CALGARY — A Chelsea Carey seven-degrees-of-separation chart might come close to connecting the skip to every curler at the Canadian women's curling championship.

The two-time national champion has played with a plethora of teammates in recent years. Seven former teammates — six curlers and a coach — are with other teams in Calgary's curling bubble.

When Tracy Fleury opted not to skip the Wild Card One team at the Scotties Tournament of Hearts, Carey took over a lineup previously skipped by defending national champion Kerri Einarson from 2014 to 2018.

Carey was initially recruited as Fleury's alternate until asked in January to call the shots for Selena Njegovan, Liz Fyfe and Kristin MacCuish in Calgary.

Carey moved to Alberta in 2015 to form a new team after finishing third with Manitoba in the 2014 Tournament of Hearts.

Not only did Carey win a national title for Alberta with different teams in 2016 and 2019, those teams were newly formed rinks both times.

Fleury's team is the fourth different roster Carey's skipped since moving to Alberta.

Curlers switching teams is common, but Carey is a high-calibre skip who has experienced more teammate turnover than six-time Hearts champion Jennifer Jones and two-time winner Rachel Homan.

"It's worked out pretty good for me," Carey said. "I'm not super-unhappy about it."

Carey points out she had the same team for four years, and the same front end for eight, when she curled out of Manitoba.

"You move to a province and you don't know the people and you try it out and maybe it doesn't work, so then you have to start again," Carey said.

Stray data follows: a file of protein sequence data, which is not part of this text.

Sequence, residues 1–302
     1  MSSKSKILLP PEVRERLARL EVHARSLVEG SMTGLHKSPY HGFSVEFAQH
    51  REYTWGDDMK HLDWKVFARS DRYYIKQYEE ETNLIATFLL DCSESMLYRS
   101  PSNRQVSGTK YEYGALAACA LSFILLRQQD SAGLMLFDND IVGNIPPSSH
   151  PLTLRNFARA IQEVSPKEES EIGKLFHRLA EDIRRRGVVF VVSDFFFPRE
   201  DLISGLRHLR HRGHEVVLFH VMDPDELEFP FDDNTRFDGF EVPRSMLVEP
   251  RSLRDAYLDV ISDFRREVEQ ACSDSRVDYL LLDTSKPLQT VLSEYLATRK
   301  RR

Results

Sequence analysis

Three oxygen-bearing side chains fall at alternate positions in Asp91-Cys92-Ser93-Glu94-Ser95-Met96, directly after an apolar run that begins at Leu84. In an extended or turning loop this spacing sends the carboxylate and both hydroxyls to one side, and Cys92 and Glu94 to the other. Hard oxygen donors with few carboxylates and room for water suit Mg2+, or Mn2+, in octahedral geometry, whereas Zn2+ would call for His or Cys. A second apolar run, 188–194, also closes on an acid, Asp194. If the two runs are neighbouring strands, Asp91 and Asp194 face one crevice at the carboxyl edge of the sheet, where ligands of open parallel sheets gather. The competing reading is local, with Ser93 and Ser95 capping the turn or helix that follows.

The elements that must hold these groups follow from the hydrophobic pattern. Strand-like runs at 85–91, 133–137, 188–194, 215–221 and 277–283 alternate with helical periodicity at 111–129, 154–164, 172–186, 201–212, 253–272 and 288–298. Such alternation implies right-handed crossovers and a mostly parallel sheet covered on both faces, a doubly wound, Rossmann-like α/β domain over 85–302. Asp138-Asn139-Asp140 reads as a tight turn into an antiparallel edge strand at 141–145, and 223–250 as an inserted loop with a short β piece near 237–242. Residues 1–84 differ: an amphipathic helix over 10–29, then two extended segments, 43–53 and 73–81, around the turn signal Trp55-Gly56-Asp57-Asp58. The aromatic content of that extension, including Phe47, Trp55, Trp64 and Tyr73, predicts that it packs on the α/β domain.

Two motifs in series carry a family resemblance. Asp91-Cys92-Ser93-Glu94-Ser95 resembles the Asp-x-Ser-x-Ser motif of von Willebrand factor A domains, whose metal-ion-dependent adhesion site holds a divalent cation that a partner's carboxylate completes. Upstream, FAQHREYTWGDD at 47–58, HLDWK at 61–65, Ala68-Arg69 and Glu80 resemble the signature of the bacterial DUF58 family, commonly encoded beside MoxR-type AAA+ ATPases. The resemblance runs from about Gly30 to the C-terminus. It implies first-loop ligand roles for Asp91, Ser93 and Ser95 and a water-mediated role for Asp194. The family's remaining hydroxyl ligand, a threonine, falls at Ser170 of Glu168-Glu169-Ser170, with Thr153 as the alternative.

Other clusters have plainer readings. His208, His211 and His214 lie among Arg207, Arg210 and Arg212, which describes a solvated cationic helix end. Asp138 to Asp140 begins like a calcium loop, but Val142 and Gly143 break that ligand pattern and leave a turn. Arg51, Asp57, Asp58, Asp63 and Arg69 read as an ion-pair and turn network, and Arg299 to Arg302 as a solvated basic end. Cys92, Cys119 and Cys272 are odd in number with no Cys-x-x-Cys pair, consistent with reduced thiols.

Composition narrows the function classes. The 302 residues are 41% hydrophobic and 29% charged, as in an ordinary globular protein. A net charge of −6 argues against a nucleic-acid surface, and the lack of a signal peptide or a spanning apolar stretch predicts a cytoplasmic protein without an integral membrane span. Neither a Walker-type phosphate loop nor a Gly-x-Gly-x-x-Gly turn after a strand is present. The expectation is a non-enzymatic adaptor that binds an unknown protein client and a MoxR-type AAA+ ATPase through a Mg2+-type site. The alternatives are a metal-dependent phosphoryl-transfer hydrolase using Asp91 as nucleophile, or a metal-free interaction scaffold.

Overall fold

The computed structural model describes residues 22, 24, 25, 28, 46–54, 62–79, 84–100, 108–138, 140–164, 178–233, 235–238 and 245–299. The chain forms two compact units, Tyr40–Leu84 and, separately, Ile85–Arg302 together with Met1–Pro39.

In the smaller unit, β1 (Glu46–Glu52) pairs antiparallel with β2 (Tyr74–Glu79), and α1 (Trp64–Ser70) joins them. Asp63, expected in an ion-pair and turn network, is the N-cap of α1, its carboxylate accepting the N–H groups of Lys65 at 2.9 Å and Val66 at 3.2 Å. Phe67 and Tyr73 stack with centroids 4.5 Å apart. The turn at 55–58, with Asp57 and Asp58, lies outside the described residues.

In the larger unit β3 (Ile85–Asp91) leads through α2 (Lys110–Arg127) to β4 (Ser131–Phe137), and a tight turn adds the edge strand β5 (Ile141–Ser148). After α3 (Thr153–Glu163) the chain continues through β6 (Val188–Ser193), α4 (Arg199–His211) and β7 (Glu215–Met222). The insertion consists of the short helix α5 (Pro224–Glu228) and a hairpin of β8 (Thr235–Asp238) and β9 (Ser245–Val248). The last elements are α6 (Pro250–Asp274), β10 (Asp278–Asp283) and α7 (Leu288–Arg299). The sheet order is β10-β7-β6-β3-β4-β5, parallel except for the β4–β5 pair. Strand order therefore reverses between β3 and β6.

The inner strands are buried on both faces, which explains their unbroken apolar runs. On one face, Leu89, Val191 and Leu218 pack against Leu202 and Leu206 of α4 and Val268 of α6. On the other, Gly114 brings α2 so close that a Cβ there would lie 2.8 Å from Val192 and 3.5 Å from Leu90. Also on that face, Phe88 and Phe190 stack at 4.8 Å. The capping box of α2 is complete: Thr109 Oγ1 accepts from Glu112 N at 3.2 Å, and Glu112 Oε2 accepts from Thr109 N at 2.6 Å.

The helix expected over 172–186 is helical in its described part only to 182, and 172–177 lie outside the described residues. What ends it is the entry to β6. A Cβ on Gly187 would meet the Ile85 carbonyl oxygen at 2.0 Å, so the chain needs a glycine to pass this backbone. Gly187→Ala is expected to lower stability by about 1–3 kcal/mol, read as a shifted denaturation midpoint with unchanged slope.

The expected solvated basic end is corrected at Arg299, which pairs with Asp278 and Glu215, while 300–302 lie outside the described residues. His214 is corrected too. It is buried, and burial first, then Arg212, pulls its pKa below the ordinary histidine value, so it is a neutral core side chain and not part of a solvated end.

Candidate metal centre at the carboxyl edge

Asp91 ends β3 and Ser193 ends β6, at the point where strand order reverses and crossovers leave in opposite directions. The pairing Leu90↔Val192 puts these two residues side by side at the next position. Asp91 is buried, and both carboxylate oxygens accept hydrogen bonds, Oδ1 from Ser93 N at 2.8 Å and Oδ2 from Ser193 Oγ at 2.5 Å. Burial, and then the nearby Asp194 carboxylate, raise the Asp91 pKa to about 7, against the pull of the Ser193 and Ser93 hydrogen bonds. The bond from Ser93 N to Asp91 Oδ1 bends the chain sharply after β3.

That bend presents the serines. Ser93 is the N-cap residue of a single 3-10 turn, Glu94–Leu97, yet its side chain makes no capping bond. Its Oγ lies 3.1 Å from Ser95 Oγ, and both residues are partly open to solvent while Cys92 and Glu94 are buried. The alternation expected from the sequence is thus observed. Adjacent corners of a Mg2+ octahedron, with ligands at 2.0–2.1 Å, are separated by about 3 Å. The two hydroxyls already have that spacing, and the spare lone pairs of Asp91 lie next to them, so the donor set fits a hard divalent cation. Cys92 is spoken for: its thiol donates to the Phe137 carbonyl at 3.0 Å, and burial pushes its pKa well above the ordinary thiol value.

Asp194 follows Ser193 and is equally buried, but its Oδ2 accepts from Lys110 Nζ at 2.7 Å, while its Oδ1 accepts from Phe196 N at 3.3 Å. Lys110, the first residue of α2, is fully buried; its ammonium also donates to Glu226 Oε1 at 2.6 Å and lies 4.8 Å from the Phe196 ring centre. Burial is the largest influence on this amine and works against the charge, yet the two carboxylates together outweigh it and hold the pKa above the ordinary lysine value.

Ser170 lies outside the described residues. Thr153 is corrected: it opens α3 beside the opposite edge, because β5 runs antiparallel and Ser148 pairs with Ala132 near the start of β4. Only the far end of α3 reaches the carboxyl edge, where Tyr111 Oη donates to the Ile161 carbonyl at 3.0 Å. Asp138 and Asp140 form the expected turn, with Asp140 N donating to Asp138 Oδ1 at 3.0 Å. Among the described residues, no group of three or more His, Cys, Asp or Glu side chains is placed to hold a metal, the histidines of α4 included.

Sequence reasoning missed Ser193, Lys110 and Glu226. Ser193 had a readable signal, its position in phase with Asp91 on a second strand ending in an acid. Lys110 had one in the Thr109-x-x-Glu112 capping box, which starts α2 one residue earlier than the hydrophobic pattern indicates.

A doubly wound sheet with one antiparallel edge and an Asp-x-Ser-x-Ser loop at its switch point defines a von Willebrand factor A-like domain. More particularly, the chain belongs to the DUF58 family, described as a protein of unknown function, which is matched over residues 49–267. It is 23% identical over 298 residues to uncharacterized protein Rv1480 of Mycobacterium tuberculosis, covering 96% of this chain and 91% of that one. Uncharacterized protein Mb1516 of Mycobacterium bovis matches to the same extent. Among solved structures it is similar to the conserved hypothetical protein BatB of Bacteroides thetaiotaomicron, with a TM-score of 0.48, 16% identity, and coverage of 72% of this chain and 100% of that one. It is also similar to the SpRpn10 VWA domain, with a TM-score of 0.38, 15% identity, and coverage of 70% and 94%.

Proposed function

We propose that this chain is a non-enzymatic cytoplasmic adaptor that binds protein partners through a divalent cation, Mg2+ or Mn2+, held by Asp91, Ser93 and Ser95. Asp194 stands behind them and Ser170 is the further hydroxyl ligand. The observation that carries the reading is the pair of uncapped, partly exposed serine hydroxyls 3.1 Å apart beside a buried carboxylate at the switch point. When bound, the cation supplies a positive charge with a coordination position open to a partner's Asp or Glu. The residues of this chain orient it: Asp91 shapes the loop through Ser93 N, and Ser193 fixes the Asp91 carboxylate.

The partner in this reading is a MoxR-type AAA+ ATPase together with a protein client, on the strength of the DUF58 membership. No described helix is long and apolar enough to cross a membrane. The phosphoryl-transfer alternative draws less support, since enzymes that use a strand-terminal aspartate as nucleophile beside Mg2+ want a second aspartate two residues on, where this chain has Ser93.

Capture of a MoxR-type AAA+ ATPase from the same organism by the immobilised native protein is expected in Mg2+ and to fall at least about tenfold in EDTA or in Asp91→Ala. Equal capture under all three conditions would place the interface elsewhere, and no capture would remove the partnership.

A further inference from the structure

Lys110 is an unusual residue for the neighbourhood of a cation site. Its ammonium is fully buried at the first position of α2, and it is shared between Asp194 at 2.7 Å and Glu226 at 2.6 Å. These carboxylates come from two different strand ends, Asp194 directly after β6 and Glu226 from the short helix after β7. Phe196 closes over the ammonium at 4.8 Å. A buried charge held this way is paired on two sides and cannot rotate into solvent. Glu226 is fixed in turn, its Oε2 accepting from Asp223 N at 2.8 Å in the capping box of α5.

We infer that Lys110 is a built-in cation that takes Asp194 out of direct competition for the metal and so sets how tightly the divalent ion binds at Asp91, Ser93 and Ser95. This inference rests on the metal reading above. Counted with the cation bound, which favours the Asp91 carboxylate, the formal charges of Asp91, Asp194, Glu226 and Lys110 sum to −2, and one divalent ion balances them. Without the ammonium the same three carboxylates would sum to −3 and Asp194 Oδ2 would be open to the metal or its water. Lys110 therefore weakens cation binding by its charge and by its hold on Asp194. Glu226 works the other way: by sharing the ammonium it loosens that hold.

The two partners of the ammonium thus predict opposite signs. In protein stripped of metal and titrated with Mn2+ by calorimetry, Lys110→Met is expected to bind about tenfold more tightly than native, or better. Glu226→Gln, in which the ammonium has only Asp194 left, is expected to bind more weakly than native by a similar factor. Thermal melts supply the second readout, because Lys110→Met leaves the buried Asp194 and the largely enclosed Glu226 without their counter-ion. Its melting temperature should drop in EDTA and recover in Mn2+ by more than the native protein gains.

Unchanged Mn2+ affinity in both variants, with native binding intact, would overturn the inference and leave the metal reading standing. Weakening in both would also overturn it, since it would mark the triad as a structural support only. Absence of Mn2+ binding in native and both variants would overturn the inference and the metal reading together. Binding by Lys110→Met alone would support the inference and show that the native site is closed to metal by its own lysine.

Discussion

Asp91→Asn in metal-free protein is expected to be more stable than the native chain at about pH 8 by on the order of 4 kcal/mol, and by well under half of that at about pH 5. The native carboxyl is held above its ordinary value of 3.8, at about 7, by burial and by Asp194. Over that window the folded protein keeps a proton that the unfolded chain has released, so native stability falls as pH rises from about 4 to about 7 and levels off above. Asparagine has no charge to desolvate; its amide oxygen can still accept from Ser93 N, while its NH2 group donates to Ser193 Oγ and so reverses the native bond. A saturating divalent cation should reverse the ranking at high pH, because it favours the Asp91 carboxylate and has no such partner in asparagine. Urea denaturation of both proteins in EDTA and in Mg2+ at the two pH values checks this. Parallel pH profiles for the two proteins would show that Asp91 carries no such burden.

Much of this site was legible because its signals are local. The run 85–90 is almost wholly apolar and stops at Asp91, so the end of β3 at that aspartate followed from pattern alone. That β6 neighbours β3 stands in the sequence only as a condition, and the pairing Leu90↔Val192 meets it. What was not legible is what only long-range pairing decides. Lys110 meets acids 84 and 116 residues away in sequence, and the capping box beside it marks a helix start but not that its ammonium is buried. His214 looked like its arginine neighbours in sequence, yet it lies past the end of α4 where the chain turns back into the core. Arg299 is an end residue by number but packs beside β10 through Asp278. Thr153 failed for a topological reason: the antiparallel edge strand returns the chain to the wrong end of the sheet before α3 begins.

"It's a bit experimental. I played with some players who were close to the end of their careers. If someone retires, that's not necessarily in my control. That's just kind of how it's worked out."

The Fleury team out of Winnipeg's East St. Paul Curling Club earned a wild-card entry into this year's Hearts as the No. 2 team in the Canadian Team Ranking System (CTRS).

So the 36-year-old Carey has Manitoba's buffalo on her back again at the national championship.

"Manitoba and Alberta are both my homes now, so it feels really cool to wear the bison again," Carey said.

Carey is proving anew how adaptable she is to new team permutations by skipping Fleury's rink to three straight wins to start the Hearts.

"You definitely learn to adapt and you also learn different things from different teammates," Carey said.

"By changing teams a bunch, you learn to get comfortable with new teammates pretty quickly."

Carey topped Pool B at 3-0 on Sunday. Sarah Hill of Newfoundland and Labrador was 2-0.

Manitoba's Jones, Quebec's Laurie St-Georges and Prince Edward Island's Suzanne Birt were all 2-1. Saskatchewan's Sherry Anderson was 1-1.

British Columbia's Corryn Brown, New Brunswick's Melissa Adams and Nunavut's Lori Eddy were winless.

Alberta's Laura Walker was also 3-0 heading into Sunday night's Pool A draw, but her team lost 6-5 to Ontario's Rachel Homan.

Team Canada's Kerri Einarson defeated Northern Ontario's Krysta Burns 12-4 late Sunday. Einarson and Homan are the only undefeated teams left in Pool A at 3-0.

Nova Scotia's Jill Brothers defeated Wild Card Three's Beth Peterson 8-5 to improve to 2-2, while Peterson has fallen to 1-3.

Wild Card Two's Mackenzie Zacharias earned their first win after defeating Yukon's Laura Eby 15-3. Yukon now falls to 0-4 while Wild Card Two improved to 1-2.

Kerry Galusha of Northwest Territories is at 1-1.

Before her first game in Calgary, Carey hadn't thrown a competitive rock since last year's Hearts in Moose Jaw, Sask.

She was without a team when hers disbanded following a 5-6 run as Team Canada in Moose Jaw.

Her former third Sarah Wilkes is curling for Homan in Calgary, while front end Rachel Brown and Dana Ferguson are Walker's lead and alternate respectively.

The combination of the COVID-19 pandemic and a seven-month-old daughter with a medical condition prompted Fleury to sit out this championship.

"We're so fortunate that Chelsea was available with her experience and her availability," said Fleury's coach Sherry Middaugh. "It's such an unusual situation with Tracy's daughter's health issues.

"We're very fortunate that Chelsea is able to come on and lead the team — knowing that it's still Tracy's team."

— With files from Gregory Strong

This report by The Canadian Press was first published Feb. 21, 2022.

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